While other times, they employ their powers to wreak disasters and spread disease.

Moreover, as servants of Enma, the great ruler of hell, Oni are tasked to carry through punishments in the pit — some of which include “peeling off skins, crushing bones, and rendering other torments too horrible to describe“.

Those tortures are reserved for corrupt sinners — those who are “wicked enough to enter Hell, but not wicked enough to become Oni”.

How Oni Are Created

It is believed that Oni were born as normal human beings.

If a human grows to be utterly evil — beyond redemption — during the course of their lifetime, at the time of their death, they will be reincarnated as an Oni — cursed to roam and serve in one of the Buddhist Hells.

On a more foreboding note, however, living humans can also transform into Oni if they are rotten enough to be one.

This part of the story opens the possibility for the existence of Oni on earth, which — given the demon’s sinister nature and propensity for violence — is doubtlessly far scarier because then, neither in life nor death would mankind be safe from damnation.

Red Oni Demon

Oni in the Contemporary World

These days, Oni are widely seen in animes — like, Demon Slayer: Kimetsu no Yaiba — and video games — like, the Touhou Project and Dead by Daylight.

They have also appeared as focal villains in March of the Oni, the tenth season of the TV show LEGO Ninjago: Masters of Spinjitzu.

And as archetypes in the subsequent emergence of orcs in Dungeons and Dragons, Warhammer Fantasy, Warcraft games, as well as J. R. R. Tolkien’s hit high-fantasy novels, The Hobbit and The Lord of the Rings.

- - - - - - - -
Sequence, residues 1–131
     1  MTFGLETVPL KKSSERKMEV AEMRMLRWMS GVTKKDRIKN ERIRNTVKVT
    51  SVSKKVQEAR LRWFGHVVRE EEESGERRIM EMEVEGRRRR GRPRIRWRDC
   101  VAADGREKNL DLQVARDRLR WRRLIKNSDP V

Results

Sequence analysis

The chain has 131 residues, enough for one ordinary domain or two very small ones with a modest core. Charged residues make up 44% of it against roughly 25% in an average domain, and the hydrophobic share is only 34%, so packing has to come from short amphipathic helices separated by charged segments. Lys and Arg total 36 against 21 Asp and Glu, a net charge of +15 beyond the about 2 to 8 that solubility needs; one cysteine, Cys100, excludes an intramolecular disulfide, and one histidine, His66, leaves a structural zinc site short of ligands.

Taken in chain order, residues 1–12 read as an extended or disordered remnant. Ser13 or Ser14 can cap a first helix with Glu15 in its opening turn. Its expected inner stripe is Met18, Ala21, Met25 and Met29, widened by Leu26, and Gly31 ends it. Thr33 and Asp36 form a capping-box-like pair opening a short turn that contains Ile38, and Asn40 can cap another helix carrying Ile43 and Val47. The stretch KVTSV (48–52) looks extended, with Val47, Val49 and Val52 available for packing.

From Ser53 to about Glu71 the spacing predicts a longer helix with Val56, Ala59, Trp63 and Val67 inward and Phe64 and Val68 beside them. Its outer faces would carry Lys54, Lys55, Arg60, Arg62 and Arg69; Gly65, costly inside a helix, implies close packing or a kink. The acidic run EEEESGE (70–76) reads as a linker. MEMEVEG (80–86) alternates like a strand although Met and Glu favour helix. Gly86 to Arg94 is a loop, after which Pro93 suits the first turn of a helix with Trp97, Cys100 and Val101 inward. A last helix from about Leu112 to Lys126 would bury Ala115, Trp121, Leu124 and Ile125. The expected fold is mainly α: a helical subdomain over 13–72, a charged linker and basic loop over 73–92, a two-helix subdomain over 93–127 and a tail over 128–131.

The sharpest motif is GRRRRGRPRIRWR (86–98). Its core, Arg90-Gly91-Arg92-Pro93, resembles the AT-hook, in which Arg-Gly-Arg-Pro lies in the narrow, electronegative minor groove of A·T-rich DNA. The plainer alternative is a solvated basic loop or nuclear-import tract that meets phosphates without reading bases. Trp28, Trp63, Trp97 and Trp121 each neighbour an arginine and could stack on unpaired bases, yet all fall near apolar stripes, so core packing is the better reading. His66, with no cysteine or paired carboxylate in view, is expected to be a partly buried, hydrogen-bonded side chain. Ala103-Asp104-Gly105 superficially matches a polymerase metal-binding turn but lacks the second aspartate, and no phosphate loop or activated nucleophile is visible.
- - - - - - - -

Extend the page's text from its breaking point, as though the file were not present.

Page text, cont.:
But, with the surge in Oni portrayals in pop culture, comes a wave of ultramodern interpretations for the hell-roaming fiend.

In recent years, the distinctive and utter wickedness of Oni began getting erased — causing them to no longer be confined solely to being diabolic.

In fact, there are now festivals and parades where Oni are revered — with some attendees even wearing Oni costumes and masks.

And for good measure, much like how European culture has gargoyles, several Japanese buildings also sometimes display Oni-faced roof ornaments known as onigawara to repel evil.

This change of heart in the way people perceive Oni nowadays — perhaps — shows just how things truly have changed.

Sessen Doji Offering His Life to an Ogre (Japanese Oni), hanging scroll, color on paper, c. 1764
Sessen Doji Offering His Life to an Ogre (Japanese Oni), hanging scroll, color on paper, c. 1764 Source

People seem to constantly become less strict when it comes to passed-down traditions.

Things that used to be viewed only through monochromatic lenses were given a second look — a chance to explore the idea that not everything is plain black-and-white.

And pop culture proved to be the perfect vehicle to capture that diversity.

So, now, Oni — occasionally — serve as protectors, meant to ward off ills and bad luck.

Fair enough, because who would be best endowed to scare off evils than those who have already seen hell, themselves.